I've been bugging my critique group to read something by Jodi Picoult. True, her genre is nothing like any of ours, but when I read Jodi it just makes me want to be a better writer. I'm telling you, the woman does things with words that boggle my mind. It's almost like reading poetry, where you train your mind to see things differently, come up with new ways to describe something that's been described a million times by writers throughout time. I've tried to explain what it is she writes, but I just can't seem to put it in a category. It's almost literary, but the there's a definite story there, and when you've finished, you haven't just read really good writing, you've had your brain frapped by a really twisted story. I mean twisted in a good way.
I think we all need someone to look up to. Of course, for us Christians, Jesus is the ultimate mentor. He teaches us how to behave, how to love, how to forgive, and everything else associated with living as God's forgiven. But we need earthly mentors as well. Now Jodi will never know my name, but she teaches me a great deal. First of all, no matter how interesting the plot, it comes down to character. It's all about people. She says she writes about family. The families get into some pretty interesting situations, but it still comes back to how we relate to one another. I think that's why I keep coming back to her. It doesn't matter what genre I write, I need to tell it with a fresh voice, describe things in a way that make the reader say, "Yeah, that's the way it is," though they've probably never consciously thought it that way until they read my book.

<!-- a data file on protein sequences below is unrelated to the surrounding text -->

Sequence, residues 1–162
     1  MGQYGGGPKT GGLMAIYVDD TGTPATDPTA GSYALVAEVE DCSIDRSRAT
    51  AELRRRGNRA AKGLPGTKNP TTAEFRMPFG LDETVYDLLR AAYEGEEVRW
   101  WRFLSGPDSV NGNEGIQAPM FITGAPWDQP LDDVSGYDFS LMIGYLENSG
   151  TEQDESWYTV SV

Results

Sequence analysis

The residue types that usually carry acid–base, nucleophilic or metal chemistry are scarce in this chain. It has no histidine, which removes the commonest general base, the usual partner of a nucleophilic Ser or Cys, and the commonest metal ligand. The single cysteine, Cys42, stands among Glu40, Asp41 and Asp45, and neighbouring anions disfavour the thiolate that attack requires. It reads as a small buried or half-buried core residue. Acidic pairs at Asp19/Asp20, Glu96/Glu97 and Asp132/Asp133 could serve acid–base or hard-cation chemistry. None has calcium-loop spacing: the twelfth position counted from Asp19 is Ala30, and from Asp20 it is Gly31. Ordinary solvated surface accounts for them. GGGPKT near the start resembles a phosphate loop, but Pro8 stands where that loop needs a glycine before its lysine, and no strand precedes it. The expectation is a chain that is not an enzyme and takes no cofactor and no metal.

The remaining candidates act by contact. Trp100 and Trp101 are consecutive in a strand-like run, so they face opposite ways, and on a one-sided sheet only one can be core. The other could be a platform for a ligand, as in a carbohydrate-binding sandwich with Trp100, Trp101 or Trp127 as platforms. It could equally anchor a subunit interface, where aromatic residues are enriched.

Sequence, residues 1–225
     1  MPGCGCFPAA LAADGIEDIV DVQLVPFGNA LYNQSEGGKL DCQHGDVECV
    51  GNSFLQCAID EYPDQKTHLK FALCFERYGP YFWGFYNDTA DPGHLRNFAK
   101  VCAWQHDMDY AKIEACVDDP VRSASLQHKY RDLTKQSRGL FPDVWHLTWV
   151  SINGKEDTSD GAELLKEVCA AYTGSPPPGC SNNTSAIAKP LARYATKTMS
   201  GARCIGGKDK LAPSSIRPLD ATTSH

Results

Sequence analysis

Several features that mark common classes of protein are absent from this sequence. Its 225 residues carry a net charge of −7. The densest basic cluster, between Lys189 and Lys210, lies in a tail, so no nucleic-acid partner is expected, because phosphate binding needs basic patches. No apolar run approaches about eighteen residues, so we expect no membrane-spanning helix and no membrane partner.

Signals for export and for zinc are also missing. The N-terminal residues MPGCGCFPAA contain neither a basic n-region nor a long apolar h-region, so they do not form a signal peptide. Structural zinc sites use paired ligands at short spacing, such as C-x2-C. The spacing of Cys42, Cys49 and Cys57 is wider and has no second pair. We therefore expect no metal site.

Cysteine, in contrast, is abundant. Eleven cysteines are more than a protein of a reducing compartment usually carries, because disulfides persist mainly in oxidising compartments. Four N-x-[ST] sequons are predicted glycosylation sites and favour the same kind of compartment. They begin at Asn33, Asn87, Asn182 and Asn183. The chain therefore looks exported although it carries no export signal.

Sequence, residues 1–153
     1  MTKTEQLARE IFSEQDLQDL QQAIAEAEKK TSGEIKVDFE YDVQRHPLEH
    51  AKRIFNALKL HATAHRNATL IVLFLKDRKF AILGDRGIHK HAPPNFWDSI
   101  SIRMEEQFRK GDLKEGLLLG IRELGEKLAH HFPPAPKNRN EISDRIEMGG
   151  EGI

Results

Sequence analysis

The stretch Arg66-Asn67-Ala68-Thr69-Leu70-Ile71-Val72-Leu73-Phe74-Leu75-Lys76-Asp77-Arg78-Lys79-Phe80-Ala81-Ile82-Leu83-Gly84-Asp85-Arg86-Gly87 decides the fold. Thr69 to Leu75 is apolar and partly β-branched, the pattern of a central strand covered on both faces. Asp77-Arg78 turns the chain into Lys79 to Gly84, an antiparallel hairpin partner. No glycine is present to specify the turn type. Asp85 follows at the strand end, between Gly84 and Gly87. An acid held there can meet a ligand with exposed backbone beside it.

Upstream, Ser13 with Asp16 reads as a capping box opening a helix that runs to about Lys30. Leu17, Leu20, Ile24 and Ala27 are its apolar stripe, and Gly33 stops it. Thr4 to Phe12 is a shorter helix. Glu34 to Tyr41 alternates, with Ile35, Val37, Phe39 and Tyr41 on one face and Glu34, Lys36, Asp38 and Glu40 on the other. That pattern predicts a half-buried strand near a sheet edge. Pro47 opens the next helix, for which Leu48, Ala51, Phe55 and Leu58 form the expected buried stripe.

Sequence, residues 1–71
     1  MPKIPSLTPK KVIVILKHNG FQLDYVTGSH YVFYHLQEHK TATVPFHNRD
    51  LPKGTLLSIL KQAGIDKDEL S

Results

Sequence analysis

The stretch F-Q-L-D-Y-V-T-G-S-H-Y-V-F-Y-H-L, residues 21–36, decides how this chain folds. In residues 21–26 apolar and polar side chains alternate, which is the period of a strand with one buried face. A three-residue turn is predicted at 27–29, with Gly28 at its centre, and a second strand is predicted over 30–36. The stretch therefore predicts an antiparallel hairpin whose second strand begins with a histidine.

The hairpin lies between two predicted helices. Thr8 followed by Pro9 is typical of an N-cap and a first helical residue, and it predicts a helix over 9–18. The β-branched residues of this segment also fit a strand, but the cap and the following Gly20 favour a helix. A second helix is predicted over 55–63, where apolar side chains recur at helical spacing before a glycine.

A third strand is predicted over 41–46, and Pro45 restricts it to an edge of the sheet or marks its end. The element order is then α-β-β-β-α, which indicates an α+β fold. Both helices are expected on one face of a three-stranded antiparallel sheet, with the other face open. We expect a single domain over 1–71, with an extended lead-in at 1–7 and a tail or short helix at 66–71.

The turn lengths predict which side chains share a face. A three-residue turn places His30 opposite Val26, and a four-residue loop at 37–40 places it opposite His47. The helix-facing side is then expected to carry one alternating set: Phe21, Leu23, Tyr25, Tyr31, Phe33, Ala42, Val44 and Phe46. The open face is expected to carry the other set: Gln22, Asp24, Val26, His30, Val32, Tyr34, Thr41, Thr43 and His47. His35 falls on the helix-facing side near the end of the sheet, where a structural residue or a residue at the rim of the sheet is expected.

So much for my Jodi plug. I can't possibly dream of reaching her level, but knowing that such a level exists will keep me pumping the creative muscles, no matter how successful I become. It's not the goal, it's the journey that makes us strong.
By the way, my top picks for Jodi Picoult are: My Sister's Keeper, Second Glance, and The Pact.